Hungarian filmmaker Kornel Mundruczó (2014's White God) has returned with his latest feature, the Netflix drama Pieces of a Woman. Starring Vanessa Kirby, Shia LaBeouf, Molly Parker, Sarah Snook, Iliza Shlesinger, Benny Safdie, Jimmy Fails and Ellen Burstyn, Pieces focuses on a Boston couple who lose their newborn at birth and the aftermath of that loss.
Interestingly, Pieces was written by Mundruczó’s partner, Kata Wéber, as the pair experienced the real-life loss of their own child. Pieces was originally a 2018 play, which ultimately was adapted for the screen.
If nothing else, Pieces will be remembered best for its stunning, riveting and shocking 30-minute prologue. During those 30 minutes, the entire spectrum of emotions emerge – joy and anticipation for the arrival of Martha Weiss (Kirby) and Sean Carson’s (LaBeouf) baby; the jealousy Sean feels towards Martha’s mother Elizabeth (Burstyn), who just bought the couple a minivan; the anxiety when Martha goes into labor; and finally the dread when things go wrong after Martha gives birth to their daughter.
Keep in mind - viewers may want to prepare for the prologue. It’s intense enough to induce strong emotional and physical reactions to the point where some may not be able to handle it.
Using long tracking shots, some close-ups and a faithful recreation of a home delivery, Mundruczó sets the bar high with his prologue. As the tension rises (and, boy, does it rise), viewers will be left holding their breath. But with a running time of 128 minutes, the remaining 98 minutes struggle to match that intensity.
That’s where Mundruczó’s latest hits a wall - Pieces couldn’t sustain that level of energy and there are a few reasons why.
Martha and Sean are obviously crushed their newborn was alive for mere minutes. The pair mourn differently, though, which is fine and understandable.
Martha, who’s suppressing her anger and depression, goes into a funk where nothing matters. She’s out all night, the dishes are piled up, she shows up for work disheveled, distracted and ultimately not all there. Kirby, with little dialogue, does an amazing job as Martha – she’s one of the best reasons to watch Pieces.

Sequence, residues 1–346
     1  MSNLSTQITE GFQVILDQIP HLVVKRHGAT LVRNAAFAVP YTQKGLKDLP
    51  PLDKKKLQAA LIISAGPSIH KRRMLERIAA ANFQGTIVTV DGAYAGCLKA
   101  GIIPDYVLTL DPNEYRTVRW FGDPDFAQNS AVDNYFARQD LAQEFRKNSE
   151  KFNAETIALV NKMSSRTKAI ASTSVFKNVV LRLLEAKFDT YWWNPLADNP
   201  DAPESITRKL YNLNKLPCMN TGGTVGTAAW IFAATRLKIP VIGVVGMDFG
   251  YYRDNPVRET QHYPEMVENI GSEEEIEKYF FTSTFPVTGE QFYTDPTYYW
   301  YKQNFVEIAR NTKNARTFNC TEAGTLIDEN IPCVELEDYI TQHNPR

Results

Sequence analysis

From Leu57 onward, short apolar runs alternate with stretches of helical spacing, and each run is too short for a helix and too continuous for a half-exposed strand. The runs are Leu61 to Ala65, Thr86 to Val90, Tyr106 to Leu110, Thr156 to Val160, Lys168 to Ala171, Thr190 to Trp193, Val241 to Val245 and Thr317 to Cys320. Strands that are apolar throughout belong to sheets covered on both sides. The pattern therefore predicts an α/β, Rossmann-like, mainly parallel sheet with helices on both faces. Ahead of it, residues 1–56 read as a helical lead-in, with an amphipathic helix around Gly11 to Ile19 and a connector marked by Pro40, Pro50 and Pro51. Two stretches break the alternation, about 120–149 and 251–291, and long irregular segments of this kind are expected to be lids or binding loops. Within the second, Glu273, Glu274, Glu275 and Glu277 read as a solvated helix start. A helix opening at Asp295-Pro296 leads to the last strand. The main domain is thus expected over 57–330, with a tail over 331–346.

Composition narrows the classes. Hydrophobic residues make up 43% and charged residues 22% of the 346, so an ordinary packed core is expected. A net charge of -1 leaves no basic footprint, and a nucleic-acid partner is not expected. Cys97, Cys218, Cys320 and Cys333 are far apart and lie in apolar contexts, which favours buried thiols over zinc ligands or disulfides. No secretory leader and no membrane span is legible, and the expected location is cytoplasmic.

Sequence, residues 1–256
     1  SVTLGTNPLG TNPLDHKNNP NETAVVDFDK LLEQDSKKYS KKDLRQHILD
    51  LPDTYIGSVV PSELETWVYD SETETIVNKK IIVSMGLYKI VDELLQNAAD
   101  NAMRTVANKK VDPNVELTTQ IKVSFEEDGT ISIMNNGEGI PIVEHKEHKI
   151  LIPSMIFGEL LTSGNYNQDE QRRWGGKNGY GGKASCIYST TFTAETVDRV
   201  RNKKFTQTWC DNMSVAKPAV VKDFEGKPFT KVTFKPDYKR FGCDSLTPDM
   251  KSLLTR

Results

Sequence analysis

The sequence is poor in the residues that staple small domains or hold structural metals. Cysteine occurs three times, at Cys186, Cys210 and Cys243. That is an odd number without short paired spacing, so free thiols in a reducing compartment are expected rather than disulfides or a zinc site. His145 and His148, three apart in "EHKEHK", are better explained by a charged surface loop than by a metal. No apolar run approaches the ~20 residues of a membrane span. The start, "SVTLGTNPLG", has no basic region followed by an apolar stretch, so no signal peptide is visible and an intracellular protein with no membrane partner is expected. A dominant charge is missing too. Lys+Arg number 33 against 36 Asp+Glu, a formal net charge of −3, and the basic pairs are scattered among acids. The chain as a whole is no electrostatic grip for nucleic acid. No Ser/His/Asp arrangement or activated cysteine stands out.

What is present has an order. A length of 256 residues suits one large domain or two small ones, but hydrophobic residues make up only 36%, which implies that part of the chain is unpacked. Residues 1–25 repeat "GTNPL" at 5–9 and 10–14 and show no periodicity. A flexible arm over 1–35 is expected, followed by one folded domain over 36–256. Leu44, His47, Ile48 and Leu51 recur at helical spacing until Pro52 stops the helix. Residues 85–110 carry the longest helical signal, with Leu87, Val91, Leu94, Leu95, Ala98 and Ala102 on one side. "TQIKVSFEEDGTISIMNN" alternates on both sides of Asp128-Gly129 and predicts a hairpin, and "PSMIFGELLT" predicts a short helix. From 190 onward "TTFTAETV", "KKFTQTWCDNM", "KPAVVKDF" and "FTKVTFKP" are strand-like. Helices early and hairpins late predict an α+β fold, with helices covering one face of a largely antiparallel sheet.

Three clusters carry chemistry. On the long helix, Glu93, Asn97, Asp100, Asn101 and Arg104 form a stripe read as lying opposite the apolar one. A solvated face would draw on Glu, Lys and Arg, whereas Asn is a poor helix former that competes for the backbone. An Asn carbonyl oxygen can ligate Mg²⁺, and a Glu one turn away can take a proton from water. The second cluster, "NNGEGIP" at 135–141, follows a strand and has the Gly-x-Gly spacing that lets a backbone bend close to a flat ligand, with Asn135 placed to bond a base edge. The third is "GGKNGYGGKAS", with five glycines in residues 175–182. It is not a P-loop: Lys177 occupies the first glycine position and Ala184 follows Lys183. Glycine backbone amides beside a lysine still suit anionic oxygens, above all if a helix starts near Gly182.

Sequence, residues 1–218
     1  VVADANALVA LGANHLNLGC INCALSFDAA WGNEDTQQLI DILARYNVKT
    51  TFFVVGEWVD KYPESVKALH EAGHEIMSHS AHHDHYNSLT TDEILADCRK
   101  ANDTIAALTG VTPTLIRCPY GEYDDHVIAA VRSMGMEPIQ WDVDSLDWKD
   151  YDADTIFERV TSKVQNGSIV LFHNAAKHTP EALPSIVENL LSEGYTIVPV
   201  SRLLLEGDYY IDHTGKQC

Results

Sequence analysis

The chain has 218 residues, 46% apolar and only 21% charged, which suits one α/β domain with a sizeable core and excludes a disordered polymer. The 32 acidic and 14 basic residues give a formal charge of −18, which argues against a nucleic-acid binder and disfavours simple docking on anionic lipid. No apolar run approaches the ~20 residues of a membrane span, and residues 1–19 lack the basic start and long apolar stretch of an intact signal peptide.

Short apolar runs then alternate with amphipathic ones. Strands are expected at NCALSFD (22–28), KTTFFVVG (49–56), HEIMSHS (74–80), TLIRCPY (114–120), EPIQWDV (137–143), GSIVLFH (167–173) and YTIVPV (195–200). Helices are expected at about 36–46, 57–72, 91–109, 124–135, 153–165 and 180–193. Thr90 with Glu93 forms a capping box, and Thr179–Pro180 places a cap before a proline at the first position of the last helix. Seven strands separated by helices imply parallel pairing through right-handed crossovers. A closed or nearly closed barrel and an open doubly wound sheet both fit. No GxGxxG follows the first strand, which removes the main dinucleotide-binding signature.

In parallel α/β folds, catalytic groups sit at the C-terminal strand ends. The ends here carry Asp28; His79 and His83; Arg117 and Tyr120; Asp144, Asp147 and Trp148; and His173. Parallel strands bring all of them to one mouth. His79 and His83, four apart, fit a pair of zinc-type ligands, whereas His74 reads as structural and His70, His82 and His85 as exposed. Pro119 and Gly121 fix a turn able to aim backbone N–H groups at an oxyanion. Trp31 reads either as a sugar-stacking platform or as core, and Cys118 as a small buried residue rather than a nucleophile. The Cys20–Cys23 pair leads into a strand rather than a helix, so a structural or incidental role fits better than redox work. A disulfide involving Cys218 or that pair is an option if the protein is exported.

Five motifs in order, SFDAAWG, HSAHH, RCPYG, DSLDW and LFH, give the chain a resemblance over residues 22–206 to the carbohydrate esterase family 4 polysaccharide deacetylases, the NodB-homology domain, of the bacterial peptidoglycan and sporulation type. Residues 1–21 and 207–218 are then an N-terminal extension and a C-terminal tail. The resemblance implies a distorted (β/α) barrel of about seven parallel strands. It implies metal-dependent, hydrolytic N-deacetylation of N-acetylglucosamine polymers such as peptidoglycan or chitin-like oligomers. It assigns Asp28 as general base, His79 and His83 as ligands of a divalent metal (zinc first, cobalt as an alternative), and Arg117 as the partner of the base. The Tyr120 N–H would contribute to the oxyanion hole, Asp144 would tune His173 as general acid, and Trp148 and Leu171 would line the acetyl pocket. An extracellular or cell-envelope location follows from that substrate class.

Sean is the more outwardly expressive one, so his pain turns into aggression. He yells and cries – actions which are highlighted when they visit the coroner. Sean battled addiction in the past but has been sober for six years beforehand. Now his sobriety is threatened, and Sean’s aggression is redirected towards Martha.
Mundruczó’s depiction of the aftermath, though, didn’t delve deep enough into either’s pain. The relationship begins to crumble, but viewers only see touches of the issues the pair endure separately and together.
Pieces wasn't able to dig deeper because of an unusual wrinkle – the midwife who assisted with the delivery, Eva (Molly Parker), was blamed for Martha & Sean’s baby’s death. There was legal battle, resulting in some courtroom scenes, drawing attention away and ultimately undermining Martha’s and Sean’s grieving. It also undermines what should’ve been the film’s true focus – Martha coping with the loss and learning to live alongside tragedy.
One glaring issue is LaBeouf himself and Sean’s unconscionable actions towards Martha. In lieu of LaBeouf’s being accused of sexual battery by singer FKA Twigs (who filed a lawsuit against the actor); stylist Karolyn Pho (LaBeouf’s ex-girlfriend who was named in Twigs’ court filing) and singer Sia, Sean’s mistreatment of Martha makes it difficult to separate fantasy from reality, performance from sheer neglect. It’s a huge black mark that’s difficult to overcome.
Pieces of a Woman is best viewed for excellent performances (four cast members take turns showcasing their acting skills), specifically from Kirby (who would've thought that burping, presumably on command, is resume-worthy?) and Burstyn, whose Elizabeth is passively cruel and unlikeable.
There pieces which form a poignant portrait of grief - some isolated scenes validate that notion. But ironically, the film fell to pieces after its prologue.
Pieces of a Woman originally premiered on September 4th, 2020 at the 77th Venice International Film Festival (where Kirby won the festival's best actress award), released in select theaters on December 30th, 2020 and premiered on Netflix on January 7th, 2021.
3.5 stars out of 5